Shortly after the new year I made a list. It was my sound effects new year’s resolution list for 2012.
There were a dozen things on that list. Some were mundane tasks that I needed to finally complete. Some were exciting ideas like creating field recording apps and new websites. Others were events I wanted to record like races or festivals.
It’s now mid-May and that list keeps growing.
What about you? Is your ‘to record’ sound effects list outracing what you’re editing? Do you look back on your work week exhausted but have trouble naming exactly what you’ve done? Do you wish you could be doing more?
All this has made me think about the role of productivity in sound.
When people say they’re productive they mean they get things done. Sometimes it means doing things faster or better. It’s crossing off lists.
It’s no different with sound pros. It could be finishing designing the sound concept of a video game character. It could be capturing a 300 sound effects a year. Perhaps you need to deliver a completed TV episode by Friday.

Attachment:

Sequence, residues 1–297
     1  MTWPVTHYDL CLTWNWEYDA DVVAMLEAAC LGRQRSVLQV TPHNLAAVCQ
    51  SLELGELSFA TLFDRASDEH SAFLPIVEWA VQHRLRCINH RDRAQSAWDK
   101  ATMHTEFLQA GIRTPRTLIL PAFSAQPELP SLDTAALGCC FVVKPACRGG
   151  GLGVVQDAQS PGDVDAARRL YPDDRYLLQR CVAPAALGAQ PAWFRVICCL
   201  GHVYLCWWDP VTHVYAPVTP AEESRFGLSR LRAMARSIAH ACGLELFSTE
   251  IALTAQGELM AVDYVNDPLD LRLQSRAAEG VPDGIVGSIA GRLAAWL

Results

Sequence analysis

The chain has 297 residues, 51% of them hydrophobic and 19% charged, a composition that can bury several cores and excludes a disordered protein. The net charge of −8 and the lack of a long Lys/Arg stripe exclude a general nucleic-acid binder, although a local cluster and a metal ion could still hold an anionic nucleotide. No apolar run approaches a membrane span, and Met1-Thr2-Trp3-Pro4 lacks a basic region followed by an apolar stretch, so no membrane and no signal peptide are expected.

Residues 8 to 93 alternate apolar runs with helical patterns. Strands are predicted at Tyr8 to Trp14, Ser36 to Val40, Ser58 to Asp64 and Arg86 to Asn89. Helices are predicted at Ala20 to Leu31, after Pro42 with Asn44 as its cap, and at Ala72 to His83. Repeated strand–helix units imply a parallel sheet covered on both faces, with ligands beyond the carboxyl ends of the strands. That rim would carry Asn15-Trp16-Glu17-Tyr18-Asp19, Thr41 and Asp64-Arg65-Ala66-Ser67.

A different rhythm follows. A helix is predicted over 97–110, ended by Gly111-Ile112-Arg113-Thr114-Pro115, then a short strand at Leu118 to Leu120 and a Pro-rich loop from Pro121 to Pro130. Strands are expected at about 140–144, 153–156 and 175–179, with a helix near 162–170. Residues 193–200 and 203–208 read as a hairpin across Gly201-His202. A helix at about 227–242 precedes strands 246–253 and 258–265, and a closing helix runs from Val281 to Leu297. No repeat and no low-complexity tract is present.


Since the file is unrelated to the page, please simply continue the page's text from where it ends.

I’ve been thinking lately how productivity applies to sound effects libraries, field recording and sound professionals. It’s actually a bit strange. I think sound pros face a unique challenge when trying to be productive.
In today’s article I’ll explain why. I’ll write why productivity works differently for sound effects field recordists and editors. I’ll share some ideas on how you can boost productivity and achieve goals.
In the following weeks I’ll offer specific tricks and tips for getting sound tasks done faster and better.